Doing History: Profiles of people working in history but not necessarily as history teachers. We encourage you to show these to your students. 


Risa Gluskin e-interviewed, Sean Boyle, a Ph. D candidate at U of T.

Tell me about yourself and your unique point of view.

I am a PhD candidate in History at the University of Toronto. My primary field of study is 20th-century American capitalism and labour. Currently I’m immersed in research for my dissertation on the political, economic, and labour aspects of Federal Express in the 1970s through the 1990s. For the past four years at UofT I’ve also been a teaching assistant for American, Canadian, and global-imperial histories. While American history has always been my focus, I have been drawn to the varieties of global and trans-national histories that have been in vogue the past fifteen years. Looking outside the borders of America gives a perspective on the nation that some scholars lack. Ideas, goods, capital, and people all move across borders. Scholarship should too. This is partially why I came to UofT. Being an American from New Jersey, I felt that UofT offered opportunities to get out of the national bubble and hopefully acquire a fresh outlook. Studying Canadian history hasn’t only helped me understand my new home but has also given me new insight into American history. I think as national historians we can overemphasize the importance of the nation in historical events. While there are definite political, economic, and cultural differences between Canada and America, cross-border regional histories highlight congruities and provide a perspective that is absent when national boundaries circumscribe scholarship.   

What have your experiences with first year history students been like? In what areas are they well prepared? Unprepared?

I find that first-year students who are specializing or majoring in history or related fields are quite prepared. They understand the basic structure of essays, the difference between primary and secondary sources, and have a sizable general knowledge about the topic. The students who take an introductory history course solely to fulfill a humanities credit are often the ones who have the most difficulty. Many of these students find research challenging and historical writing unfamiliar compared to STEM or even other humanities writing. One aspect that many students seem to have trouble with, is the concept of ambivalence in history. This may be more philosophical than pedagogical, but students frequently have trouble seeing historical events outside of a “good/bad” binary. Seeing grey in a world that prefers black and white is both critically important to understanding the past and something that students have found challenging. In general, I’m surprised by how little many students know about Canadian history. Often they have more knowledge of American history than Canadian, especially regarding politics. My limited understanding of the Ontario high school curriculum is that the province only requires one year of Canadian history. From a teaching perspective and the ability of students to retain the material, adequately covering centuries of history within one school year seems improbable. At my high school, every student took two full years of US history and I think it would benefit students in Ontario if the province expanded Canadian history to two years.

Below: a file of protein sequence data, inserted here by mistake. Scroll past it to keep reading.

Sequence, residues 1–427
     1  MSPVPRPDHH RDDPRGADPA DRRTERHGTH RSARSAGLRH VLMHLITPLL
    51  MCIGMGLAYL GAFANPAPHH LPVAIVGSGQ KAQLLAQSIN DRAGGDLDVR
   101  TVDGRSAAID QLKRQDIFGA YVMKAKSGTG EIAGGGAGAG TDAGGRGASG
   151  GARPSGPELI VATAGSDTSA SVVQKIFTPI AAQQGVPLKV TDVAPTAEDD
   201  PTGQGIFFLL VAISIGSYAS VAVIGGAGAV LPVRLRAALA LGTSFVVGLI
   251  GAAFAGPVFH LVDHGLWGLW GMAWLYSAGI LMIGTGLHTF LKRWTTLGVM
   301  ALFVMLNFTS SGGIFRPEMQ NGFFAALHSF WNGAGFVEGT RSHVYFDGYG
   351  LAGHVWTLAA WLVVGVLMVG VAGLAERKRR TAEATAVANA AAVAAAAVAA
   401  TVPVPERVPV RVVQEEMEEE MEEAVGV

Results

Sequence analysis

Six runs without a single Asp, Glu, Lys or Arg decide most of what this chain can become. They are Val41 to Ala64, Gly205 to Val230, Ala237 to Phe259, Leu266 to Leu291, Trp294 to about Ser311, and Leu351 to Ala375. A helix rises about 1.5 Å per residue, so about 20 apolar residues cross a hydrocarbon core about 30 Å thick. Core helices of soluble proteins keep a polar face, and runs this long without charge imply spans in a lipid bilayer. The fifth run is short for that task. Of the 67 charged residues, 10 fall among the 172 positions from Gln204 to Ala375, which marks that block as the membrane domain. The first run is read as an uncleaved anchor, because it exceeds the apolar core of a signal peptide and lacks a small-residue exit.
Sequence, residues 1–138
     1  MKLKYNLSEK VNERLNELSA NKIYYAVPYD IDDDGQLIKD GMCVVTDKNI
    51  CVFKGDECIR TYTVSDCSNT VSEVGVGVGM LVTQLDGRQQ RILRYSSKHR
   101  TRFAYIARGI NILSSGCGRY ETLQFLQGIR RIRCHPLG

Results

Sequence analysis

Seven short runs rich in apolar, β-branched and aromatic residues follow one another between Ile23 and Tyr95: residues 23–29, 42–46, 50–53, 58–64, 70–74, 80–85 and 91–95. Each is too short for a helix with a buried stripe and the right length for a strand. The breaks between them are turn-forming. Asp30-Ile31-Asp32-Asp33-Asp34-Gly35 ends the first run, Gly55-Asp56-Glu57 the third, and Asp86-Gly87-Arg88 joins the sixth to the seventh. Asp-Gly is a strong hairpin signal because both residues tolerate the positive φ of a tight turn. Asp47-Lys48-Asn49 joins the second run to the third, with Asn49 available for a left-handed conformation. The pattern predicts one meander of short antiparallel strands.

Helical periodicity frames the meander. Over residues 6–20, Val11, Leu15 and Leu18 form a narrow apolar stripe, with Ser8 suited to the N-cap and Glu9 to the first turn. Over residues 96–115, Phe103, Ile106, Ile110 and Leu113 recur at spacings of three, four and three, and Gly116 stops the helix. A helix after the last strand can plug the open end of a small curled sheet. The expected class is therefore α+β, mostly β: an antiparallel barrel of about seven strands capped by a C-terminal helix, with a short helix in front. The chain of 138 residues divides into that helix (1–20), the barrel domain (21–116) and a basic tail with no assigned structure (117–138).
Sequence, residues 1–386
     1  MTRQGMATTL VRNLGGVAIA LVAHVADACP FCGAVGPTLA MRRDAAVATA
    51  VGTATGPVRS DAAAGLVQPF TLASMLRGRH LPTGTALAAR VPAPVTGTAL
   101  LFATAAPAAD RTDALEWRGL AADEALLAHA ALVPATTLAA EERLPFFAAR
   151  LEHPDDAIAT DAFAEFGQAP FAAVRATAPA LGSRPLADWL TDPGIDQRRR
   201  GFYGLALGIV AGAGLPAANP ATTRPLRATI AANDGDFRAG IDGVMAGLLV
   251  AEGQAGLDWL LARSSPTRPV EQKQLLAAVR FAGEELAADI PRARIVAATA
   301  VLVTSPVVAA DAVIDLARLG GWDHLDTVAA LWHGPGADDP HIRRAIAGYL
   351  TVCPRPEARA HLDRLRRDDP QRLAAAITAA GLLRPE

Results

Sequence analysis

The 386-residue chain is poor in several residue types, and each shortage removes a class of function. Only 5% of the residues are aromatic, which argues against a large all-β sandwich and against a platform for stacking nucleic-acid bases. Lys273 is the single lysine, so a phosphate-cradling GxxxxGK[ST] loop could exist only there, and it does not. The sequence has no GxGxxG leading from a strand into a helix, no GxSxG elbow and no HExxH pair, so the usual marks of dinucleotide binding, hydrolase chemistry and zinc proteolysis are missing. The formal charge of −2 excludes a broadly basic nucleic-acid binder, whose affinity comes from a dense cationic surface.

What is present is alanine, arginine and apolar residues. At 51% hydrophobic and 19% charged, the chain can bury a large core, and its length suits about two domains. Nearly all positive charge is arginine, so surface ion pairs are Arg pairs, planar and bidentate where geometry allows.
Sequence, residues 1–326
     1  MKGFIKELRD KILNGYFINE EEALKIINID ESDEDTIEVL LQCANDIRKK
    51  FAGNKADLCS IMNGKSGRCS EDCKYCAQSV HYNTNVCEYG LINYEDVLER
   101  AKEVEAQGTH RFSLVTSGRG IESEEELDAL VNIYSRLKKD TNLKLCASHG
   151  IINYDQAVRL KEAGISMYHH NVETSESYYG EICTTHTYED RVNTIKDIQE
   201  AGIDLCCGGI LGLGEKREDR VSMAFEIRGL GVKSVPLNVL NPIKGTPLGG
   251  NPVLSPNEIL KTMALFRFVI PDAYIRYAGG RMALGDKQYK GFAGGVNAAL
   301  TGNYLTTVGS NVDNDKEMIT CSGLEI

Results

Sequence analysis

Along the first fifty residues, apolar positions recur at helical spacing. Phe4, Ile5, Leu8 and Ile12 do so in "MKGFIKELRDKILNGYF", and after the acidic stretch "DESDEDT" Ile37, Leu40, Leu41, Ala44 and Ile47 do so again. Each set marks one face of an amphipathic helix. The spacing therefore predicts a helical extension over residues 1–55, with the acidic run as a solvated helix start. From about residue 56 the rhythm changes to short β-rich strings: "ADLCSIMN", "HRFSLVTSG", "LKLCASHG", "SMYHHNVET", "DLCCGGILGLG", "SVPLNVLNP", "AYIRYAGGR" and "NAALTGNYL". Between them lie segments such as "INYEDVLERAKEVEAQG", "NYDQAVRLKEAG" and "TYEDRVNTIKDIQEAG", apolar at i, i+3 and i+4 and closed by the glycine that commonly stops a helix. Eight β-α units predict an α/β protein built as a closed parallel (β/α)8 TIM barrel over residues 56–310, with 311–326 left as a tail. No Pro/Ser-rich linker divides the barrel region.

What would you like high school history teachers in Ontario to know about history education at the university level?